Lorenzo Bartolini sculpture will stay in Edinburgh

The V&A and National Galleries Scotland (NGS) have jointly saved a classic Lorenzo Bartolini sculpture dating back to 1821.

The statue was on loan to Edinburgh and will be staying in the Scottish capital after a brief period on display in England. Picture: PA

The sculpture, titled The Campbell Sisters Dancing a Waltz, has been subject to a temporary export bar since 2014.

A total of £523,800 was jointly raised to keep the sculpture in the United Kingdom.

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Of that, £275,000 came from the National Heritage Memorial Fund, £98,800 from the Art Fund and the remainder from the Victoria and Albert Museum and NGS contributions.

Picture: PA

The Campbell Sisters will be shown for the first time this week at London’s V&A, and will remain on display in the Dorothy & Michael Hintze Sculpture Gallery until 20 November.

After that it will be on show at Edinburgh’s Scottish National Gallery, where it was previously on long-term loan.

Italian-born Bartolini, trained in Paris and Florence, is recognised as one of the leading European sculptors of his era.

“We are excited that we have the opportunity to display The Campbell Sisters Dancing a Waltz at the V&A,” said Beth McKillop, deputy director and director of collections at the V&A, “Bartolini’s sculpture is a delightful work and an outstanding addition to the national collection of sculpture housed at the Museum.”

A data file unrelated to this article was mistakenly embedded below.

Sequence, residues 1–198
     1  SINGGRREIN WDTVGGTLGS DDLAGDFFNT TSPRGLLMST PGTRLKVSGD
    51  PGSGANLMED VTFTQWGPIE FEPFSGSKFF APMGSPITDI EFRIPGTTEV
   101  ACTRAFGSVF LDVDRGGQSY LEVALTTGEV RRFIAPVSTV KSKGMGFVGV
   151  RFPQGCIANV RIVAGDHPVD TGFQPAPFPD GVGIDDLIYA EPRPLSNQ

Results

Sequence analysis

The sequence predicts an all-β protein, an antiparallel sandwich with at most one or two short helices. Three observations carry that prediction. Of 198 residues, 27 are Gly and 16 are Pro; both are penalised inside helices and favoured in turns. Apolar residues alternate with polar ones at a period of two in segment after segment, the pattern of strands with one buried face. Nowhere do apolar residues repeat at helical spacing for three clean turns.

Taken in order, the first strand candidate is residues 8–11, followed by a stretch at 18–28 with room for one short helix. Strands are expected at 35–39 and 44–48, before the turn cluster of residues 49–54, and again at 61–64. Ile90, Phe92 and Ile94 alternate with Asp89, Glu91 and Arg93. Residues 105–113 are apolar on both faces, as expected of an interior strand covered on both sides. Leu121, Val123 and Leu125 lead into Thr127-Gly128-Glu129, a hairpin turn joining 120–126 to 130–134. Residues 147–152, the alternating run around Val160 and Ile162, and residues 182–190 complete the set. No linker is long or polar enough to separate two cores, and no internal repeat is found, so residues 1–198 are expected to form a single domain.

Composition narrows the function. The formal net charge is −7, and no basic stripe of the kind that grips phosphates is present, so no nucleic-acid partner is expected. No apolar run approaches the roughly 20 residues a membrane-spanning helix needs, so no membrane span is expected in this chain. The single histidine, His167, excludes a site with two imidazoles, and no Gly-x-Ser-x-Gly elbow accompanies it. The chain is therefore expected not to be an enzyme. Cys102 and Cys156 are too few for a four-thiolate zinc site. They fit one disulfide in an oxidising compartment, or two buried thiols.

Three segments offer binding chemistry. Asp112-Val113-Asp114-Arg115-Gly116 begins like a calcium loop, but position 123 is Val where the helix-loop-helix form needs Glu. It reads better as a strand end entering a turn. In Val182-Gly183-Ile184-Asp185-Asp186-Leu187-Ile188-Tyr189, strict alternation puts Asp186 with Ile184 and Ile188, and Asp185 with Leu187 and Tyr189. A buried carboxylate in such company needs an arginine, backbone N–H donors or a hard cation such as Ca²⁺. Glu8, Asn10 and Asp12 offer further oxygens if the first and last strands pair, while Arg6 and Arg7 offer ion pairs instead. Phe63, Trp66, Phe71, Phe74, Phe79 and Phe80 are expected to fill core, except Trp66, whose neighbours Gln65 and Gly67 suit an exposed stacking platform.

Director of the Scottish National Gallery, Michael Clarke said he was ‘thrilled’ the masterpiece, which features two Scottish sisters, would be returning.

“For nearly two centuries it was on view in Inveraray Castle, Argyll, and most recently in the Scottish National Gallery in Edinburgh,” he said. “Now it will return to the Gallery, where it links beautifully to many other great works of art in the national collection.”

Culture Minister Ed Vaizey said: “This vibrant work by Bartolini provides a fascinating insight into the cultural history of the British presence in Florence. I am delighted that the V&A and National Galleries Scotland have come together to save the sculpture for the entire country to enjoy for years to come.”